The Aveo's suspension does a remarkable job of taking the sting out of large potholes and bumpy surfaces, despite the car's relatively small wheels. As a result the ride is surprisingly refined and the engine is quiet, too. Wind and road noise become increasingly prevalent as speed increases but are never overbearing. The interior is comfortable in a basic sense. The tilt steering wheel helps with finding a comfortable driving position although a height adjustable driver's seat is not standard on the S model.

Car security

Remote central locking and an immobiliser are included on the Aveo 1.2 S. There's also hidden storage provided by the glovebox, but other than that the Aveo interior feels a little short on secure storage.

Car safety

Electronic governance is limited to ABS, but Chevrolet claims a high level of integral safety with a strong body structure featuring reinforced steel B-pillars. Driver passenger and side airbags are standard across the Aveo range.

Driver appeal

The Aveo three-door's small capacity engine struggles to provide any real thrills, but the chassis is lively and the controls responsive enough to be able to maintain a decent turn of speed through a sequence of bends. Its real talents lie around town, where the car proves nippy and compact enough to take some of the strain out of city life. Lights controls make stop start traffic less tiring, too. On the motorway it's able to keep pace without too much trouble, but will run out of puff as the road starts to go up.

Family car appeal

Families would be wise to look to the five-door Aveo rather than the three-door model. Limited access to the rear will make the insertion and removal of cars seats an issue and the larger 1.4-litre engine available on the five-door is better suited to pulling heavier loads.

First car appeal

The Chevrolet Aveo deserves to be high on any first time buyers shopping list thanks to a combination of good looks and cost effectiveness. The three-door in particular is well suited to the younger market. Novice drivers will find it easy to drive and manoeuvre, and the sensible performance is unlikely to take anyone by surprise.

Quality and image

Modern and stylish in design the Aveo three-door has been penned to appeal to a younger audience, but more mature drivers shouldn't be put off as it remains relatively conservative. Chevrolet is one of the fastest growing brands in Europe and as its stock rises, so should its models' kerb appeal. The Aveo certainly feels well put together with tight shut lines inside and out and few bumps or rattles even on harsher road surfaces.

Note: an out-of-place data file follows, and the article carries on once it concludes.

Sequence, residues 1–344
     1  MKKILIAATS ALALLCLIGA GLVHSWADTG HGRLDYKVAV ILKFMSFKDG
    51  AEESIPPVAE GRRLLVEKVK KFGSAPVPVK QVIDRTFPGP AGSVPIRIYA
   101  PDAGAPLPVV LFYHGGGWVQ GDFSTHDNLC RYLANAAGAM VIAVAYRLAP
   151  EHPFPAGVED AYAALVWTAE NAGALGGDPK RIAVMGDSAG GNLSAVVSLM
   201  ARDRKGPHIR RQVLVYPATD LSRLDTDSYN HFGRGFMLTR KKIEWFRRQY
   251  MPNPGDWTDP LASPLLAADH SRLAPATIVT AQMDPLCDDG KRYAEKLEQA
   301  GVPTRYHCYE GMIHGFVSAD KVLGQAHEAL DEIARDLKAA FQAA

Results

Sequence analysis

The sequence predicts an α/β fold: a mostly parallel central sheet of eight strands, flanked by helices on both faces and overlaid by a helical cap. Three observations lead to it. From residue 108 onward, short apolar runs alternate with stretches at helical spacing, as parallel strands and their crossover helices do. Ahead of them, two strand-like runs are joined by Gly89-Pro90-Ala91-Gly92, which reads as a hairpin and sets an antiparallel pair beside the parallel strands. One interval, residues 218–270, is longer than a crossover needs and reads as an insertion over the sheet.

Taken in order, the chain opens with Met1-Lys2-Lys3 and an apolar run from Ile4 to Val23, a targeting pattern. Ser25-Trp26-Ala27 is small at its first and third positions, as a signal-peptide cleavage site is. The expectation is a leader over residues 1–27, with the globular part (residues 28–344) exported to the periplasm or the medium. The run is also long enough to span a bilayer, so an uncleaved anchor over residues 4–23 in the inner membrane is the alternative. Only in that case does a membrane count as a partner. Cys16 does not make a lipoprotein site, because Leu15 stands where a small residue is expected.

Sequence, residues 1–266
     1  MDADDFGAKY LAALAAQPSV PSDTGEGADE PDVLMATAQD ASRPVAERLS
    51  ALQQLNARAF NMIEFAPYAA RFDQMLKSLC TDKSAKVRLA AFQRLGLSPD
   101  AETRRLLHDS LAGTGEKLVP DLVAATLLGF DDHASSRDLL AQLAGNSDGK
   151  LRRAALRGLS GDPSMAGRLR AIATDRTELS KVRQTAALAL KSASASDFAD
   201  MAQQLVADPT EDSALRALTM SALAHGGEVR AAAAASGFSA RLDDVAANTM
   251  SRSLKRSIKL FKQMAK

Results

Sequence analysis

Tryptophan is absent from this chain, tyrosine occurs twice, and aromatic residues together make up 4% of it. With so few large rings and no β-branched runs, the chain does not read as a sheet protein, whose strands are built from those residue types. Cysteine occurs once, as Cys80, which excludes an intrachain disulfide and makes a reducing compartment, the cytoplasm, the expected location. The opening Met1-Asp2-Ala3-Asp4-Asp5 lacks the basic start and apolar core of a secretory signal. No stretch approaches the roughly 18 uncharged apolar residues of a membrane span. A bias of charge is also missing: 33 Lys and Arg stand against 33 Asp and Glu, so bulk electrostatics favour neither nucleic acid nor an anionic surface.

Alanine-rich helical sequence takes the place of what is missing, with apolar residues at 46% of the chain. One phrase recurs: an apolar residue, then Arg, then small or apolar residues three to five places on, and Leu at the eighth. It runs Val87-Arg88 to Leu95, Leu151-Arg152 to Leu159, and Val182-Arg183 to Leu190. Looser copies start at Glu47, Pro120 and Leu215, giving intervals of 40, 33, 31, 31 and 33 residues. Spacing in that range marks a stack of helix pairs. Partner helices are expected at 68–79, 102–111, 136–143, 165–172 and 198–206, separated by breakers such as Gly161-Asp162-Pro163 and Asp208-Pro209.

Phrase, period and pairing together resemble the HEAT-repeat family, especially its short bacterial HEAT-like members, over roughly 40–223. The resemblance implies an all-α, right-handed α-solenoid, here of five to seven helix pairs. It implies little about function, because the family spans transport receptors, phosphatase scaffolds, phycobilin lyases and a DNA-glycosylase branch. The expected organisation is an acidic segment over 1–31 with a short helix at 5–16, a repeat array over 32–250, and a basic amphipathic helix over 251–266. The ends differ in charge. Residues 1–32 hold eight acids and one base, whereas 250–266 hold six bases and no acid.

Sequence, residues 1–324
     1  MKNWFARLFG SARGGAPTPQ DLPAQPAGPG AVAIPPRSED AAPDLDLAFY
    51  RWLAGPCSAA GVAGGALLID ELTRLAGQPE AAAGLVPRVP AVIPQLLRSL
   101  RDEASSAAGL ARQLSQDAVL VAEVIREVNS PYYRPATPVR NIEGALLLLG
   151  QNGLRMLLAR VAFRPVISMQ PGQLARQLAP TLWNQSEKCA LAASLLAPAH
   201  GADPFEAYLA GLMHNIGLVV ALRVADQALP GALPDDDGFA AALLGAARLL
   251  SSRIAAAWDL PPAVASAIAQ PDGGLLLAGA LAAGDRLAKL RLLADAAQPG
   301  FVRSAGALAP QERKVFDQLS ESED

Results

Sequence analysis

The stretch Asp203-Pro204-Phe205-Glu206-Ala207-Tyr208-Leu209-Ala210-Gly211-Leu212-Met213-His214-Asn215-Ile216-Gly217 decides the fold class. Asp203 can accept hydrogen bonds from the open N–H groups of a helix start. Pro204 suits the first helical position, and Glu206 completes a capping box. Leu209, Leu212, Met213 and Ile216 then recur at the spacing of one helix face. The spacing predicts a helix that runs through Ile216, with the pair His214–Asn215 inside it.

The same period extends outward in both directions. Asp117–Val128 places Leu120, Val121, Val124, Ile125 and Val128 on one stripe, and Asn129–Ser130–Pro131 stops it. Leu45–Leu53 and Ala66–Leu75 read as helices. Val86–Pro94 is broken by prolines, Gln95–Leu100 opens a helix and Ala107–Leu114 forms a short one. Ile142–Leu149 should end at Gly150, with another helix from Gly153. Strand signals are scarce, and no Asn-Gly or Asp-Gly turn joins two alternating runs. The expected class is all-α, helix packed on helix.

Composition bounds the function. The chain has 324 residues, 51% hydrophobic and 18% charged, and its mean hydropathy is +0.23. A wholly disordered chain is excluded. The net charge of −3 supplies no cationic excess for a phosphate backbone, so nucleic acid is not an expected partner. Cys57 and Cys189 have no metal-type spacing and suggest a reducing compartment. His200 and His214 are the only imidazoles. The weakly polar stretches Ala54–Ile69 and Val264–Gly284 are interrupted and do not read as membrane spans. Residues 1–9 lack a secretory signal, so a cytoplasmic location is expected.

The three-door Aveo can't offer the same easy access to the rear seats as its five-door counterpart, and climbing in and of the rear might prove an ordeal for the less nimble. The large front doors make getting into the driver and front passenger seats easy though, and the small and slightly recessed boot door means it can be opened in a tight spot, too.

Stereo and ICE (In car entertainment)

The 1.2 S has a basic four-speaker sound system that does the job but without any real flare. Sound quality is adequate and there's no strain to hear it above road or engine noise. The single slot XCD system is MP3 compatible, and comes with an auxiliary jack to plug in an external sound device.

Colours and trim

The 1.2 S is the most basic specification Aveo three-door, but it still comes with a few luxuries. Air-con is an optional extra, but electric windows and a tilt adjustable steering wheel are included. Interior trim colours are limited to grey dark grey cloth, but it matches the rest of the dark interior well. Fortunately, there's enough glass for the interior not to feel gloomy as a result. Interior plastics are hardly exuberant, but don't feel cheap or flimsy. For the exterior, there's a wide range of solid metallic and mica paint choices.


The Aveo three-door offers few problems when it comes to parking. Blind spots are minimal and its compact size and square rear end make it simple to slot into spaces. The model features a decent turning circle and all four-corners are easy to place.

Spare wheel

Space saver fitted as standard.

Range information

Petrol engine options - 1.2-litre (83bhp); 1.4-litre (98bhp). Transmission options: five-speed manual gearbox, four-speed automatic gearbox. Trim levels: S, LS, LT.

Alternative cars

Volkswagen Polo Good choice of engines and impressive quality

Toyota Yaris Reliable, efficient and modern styling

Fiat 500 Stylish and with a proven chassis

Ford Ka Affordable and nippy city car